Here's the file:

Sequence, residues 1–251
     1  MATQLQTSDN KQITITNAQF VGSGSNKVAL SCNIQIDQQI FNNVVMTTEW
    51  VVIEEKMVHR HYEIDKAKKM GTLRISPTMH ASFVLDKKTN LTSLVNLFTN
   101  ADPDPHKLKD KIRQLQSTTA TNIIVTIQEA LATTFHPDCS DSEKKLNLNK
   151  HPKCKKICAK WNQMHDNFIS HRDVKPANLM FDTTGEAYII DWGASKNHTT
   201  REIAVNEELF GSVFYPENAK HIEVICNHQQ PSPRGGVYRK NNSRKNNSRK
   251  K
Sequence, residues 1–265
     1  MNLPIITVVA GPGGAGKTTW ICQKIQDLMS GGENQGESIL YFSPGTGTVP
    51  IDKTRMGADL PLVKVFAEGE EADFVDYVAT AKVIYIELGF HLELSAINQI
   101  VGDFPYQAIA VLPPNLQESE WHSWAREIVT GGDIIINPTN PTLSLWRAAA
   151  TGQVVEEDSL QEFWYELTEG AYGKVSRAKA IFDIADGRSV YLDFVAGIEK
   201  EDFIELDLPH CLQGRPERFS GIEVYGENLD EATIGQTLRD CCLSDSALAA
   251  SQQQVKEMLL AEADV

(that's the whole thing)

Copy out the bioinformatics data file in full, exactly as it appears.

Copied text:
Sequence, residues 1–251
     1  MATQLQTSDN KQITITNAQF VGSGSNKVAL SCNIQIDQQI FNNVVMTTEW
    51  VVIEEKMVHR HYEIDKAKKM GTLRISPTMH ASFVLDKKTN LTSLVNLFTN
   101  ADPDPHKLKD KIRQLQSTTA TNIIVTIQEA LATTFHPDCS DSEKKLNLNK
   151  HPKCKKICAK WNQMHDNFIS HRDVKPANLM FDTTGEAYII DWGASKNHTT
   201  REIAVNEELF GSVFYPENAK HIEVICNHQQ PSPRGGVYRK NNSRKNNSRK
   251  K
Sequence, residues 1–265
     1  MNLPIITVVA GPGGAGKTTW ICQKIQDLMS GGENQGESIL YFSPGTGTVP
    51  IDKTRMGADL PLVKVFAEGE EADFVDYVAT AKVIYIELGF HLELSAINQI
   101  VGDFPYQAIA VLPPNLQESE WHSWAREIVT GGDIIINPTN PTLSLWRAAA
   151  TGQVVEEDSL QEFWYELTEG AYGKVSRAKA IFDIADGRSV YLDFVAGIEK
   201  EDFIELDLPH CLQGRPERFS GIEVYGENLD EATIGQTLRD CCLSDSALAA
   251  SQQQVKEMLL AEADV